- 30. DP: Recursive Formulation Sub-problems: Length of the LCS(i, j): c[i, j] LCS(i, j) = longest common subsequence of Xi and Yj LCS(m, n) = main problem We need c[m, n] Using the prior theorem, we can find a recursive formulation for c[i, j]
- 31. Recursive Formulation – Example Taken from CLRS X = <b o z o> Y = <b a t> 4,2 Lots of repeated sub-problems Do not recompute them, store them in a table when computed for the first time and use them later
- 32. Implementation In order to compute c[m, n] We can use a recursive algorithm that follows the recurrent relation determined above We can implement the solution as an iterative algorithm This is called top-down DP More difficult because we need to find the best way to do this This is called bottom-up DP It is more efficient as we remove procedure calls Let‟s implement first the iterative solution
- 33. Bottom-up Implementation LCS (X, Y, m, n) FOR (i = 1 .. m) c[i, 0] = 0 // base cases of the recurrence FOR (j = 0 .. n) c[0, j ] = 0 // base cases of the recurrence FOR (i = 1 .. m) // start from the first row FOR (j = 1 .. n) // and the first column IF (x[i] = y[j]) // build more complex solutions c[i, j] = c[i − 1, j − 1] + 1 b[i, j] = „diag‟ ELSE IF (c[i − 1, j] ≥ c[i, j − 1]) c[i, j] = c[i − 1, j] b[i, j] ← „up‟ ELSE c[i, j] = c[i, j − 1] b[i, j] = „left‟ RETURN c and b Complexity: (m*n) – both time and space
- 34. Remarks c[i, j] = table for saving the length of the LCS(i, j) b[i, j] = table for saving the direction used to compute the current solution of the LCS(i, j) Used in order to be able to determine the actual LCS Because c[i, j] only offers the length of the LCS PRINT_LCS(X, b, i, j) Recursive, uses the direction stored in b On whiteboard!
- 35. LCS – Example From CLRS
- 36. Top-down Implementation // Initially, c[i][j] = -1 for all i = 0..m, j = 0..n // Means that LCS(i, j) was not solved yet LCS_recursive(X, Y, i, j) IF (i == 0 OR j == 0) RETURN 0 IF (c[i][j] == -1) IF (x[i] = y[j]) // solve LCS(i, j) // stop condition for the recurrent relation // if the sub-problem was not previously solved // must solve sub-problem recursively c[i, j] = LCS_recursive(X, Y, i-1, j-1) + 1 b[i, j] = „diag‟ ELSE sol_up = LCS_recursive(X, Y, i-1, j) sol_left = LCS_recursive(X, Y, i, j-1) IF (sol_up ≥ sol_left) c[i, j] = sol_up b[i, j] ← „up‟ ELSE c[i, j] = sol_left b[i, j] = „left‟ RETURN c[i][j] // c[i][j] is never -1 now
- 37. Top-down Implementation (2) Initial call: LCS_recursive(X, Y, m, n) Same complexity as the iterative solution The bottom-up approach is preferred due to the low number of recursive calls which increases the running time (and several other reasons)
- 38. Chain Matrix Multiplication Given a sequence of matrices: A1, A2, ..., An. Which is the minimum number of scalar multiplications needed to perform the multiplication of the n matrices: A1 x A2 x ... x An ? We need to determine one of the possible parenthesizations that minimizes the number of total scalar multiplications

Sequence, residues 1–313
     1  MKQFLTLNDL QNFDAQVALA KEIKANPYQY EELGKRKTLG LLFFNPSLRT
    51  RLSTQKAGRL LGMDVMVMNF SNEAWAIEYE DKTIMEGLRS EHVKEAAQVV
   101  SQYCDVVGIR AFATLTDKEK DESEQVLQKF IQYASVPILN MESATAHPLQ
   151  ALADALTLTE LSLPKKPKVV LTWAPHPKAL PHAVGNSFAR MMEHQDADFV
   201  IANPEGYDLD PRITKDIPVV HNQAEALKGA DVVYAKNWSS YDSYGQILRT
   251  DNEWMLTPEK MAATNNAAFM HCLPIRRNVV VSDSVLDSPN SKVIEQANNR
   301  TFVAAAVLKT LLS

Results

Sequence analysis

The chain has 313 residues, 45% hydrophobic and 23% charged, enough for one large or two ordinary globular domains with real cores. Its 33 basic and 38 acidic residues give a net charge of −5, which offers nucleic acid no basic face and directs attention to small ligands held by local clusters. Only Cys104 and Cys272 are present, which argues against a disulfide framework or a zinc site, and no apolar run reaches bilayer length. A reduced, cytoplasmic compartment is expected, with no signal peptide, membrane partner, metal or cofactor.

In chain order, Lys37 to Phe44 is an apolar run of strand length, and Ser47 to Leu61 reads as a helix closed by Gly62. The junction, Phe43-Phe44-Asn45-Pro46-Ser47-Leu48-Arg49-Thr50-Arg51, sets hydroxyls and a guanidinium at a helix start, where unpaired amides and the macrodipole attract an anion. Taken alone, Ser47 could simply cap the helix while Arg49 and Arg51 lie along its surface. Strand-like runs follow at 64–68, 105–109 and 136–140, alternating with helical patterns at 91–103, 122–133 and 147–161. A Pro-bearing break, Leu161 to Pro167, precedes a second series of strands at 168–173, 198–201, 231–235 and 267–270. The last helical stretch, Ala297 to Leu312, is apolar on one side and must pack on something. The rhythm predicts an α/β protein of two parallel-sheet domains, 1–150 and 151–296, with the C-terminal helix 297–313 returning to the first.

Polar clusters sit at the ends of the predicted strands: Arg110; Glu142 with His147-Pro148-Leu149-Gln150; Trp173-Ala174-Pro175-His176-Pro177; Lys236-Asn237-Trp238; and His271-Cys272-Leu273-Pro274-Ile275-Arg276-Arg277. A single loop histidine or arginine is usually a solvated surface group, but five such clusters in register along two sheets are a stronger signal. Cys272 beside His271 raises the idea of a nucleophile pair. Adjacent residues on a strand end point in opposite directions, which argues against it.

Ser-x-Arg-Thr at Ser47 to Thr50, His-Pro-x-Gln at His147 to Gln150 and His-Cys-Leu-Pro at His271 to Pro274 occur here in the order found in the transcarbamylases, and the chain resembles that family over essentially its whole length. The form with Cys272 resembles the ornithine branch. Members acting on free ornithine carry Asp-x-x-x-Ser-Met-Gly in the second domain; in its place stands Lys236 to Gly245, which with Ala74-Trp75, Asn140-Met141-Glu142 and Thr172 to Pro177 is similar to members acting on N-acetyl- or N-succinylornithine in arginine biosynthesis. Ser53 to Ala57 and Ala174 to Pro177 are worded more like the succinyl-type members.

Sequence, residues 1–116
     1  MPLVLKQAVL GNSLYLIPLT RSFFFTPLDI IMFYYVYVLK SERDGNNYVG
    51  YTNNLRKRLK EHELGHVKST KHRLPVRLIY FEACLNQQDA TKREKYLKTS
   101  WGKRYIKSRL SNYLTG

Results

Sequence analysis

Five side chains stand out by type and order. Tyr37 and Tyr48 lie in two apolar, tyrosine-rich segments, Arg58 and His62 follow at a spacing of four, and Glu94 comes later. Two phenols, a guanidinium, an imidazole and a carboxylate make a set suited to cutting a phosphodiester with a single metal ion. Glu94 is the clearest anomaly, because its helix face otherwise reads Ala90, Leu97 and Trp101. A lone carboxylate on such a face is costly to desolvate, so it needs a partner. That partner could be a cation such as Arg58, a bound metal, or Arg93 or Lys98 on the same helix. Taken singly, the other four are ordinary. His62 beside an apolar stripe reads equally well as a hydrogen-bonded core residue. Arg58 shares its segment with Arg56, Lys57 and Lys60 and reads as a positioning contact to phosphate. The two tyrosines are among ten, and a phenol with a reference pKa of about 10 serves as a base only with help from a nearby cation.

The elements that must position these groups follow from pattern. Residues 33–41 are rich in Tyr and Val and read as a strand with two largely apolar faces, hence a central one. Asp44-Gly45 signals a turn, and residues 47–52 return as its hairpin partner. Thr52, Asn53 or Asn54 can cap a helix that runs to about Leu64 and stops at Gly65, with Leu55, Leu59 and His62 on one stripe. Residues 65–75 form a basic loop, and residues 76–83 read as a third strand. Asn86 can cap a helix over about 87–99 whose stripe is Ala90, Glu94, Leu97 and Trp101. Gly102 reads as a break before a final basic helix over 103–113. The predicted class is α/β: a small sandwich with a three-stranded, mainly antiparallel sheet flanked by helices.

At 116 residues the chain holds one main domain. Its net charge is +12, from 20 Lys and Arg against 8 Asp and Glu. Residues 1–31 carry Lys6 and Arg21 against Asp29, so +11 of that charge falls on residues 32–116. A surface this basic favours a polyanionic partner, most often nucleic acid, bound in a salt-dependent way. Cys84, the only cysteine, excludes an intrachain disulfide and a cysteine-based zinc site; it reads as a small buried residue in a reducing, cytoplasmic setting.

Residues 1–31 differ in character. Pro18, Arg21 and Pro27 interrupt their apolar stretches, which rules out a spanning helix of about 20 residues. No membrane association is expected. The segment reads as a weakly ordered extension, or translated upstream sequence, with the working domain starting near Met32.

- 39. Matrix Multiplication A(p, q) x B (q, r) => pqr scalar multiplications are needed However, the multiplication of matrices is associative (but it is not commutative) A(p, q) x B (q, r) x C(r, s) (AB)C => pqr + prs scalar multiplications A(BC) => qrs + pqs scalar multiplications E.g.: p = 5, q = 4, r = 6, s = 2 (AB)C => 180 scalar multiplications A(BC) => 88 scalar multiplications Conclusion: The parenthesization is very important!
- 40. Brute Force Matrices: A1, A2, ..., An It is better to use a single array to store the dimensions of the n matrices (n+1 elements): p0, p1, p2, ... , pn Ai(pi-1, pi) A1(p0, p1), A2(p1, p2), …, An(pn-1, pn) We may use brute force (exhaustive search) to build all the possible parenthesizations in order to determine the best one: Ω(4n / n3/2) exponential complexity We want to find a polynomial solution using DP
- 41. DP: Finding the sub-problems At first, we try to identify how we can express sub-problems similar to the original problem, but of smaller size 1 ≤ i ≤ j ≤ n: We use the notation Ai, j = Ai x … x Aj Ai,j has pi-1 lines and pj columns: Ai,j(pi-1, pj) m[i, j] = the optimal number of scalar multiplications to solve the sub-problem Ai,j s[i, j] = the position of the first parenthesis in order to optimally solve Ai,j If s[i][j] = k => (Ai x … x Ak) x (Ak+1 x … x Aj) Sub-problem: Which is the optimal parenthesization for Ai, j? Initial problem: A1,n
- 42. DP: Optimal Substructure In order to solve Ai,j We need to find the position i ≤ k < j that ensures the best parenthesization: Ai, j = (Ai x…x Ak) x (Ak+1 x…x Aj) Ai, j = Ai, k x Ak+1, j We divide any problem into two smaller subproblems Which k to choose ?
- 43. DP: Optimal Choice We must look for the optimal value from all the possible values for choosing k (i ≤ k < j) k = i => Ai, j = Ai, i x Ai+1, j = (Ai) x (Ai+1 x … x Aj) … k = j – 1 => Ai, j = Ai, j-1 x Aj, j = (Ai x … x Aj-1) x (Aj) In order to do this, the solutions for the sub-problems must also be optimal (the solutions for Ai, k and Ak+1, j)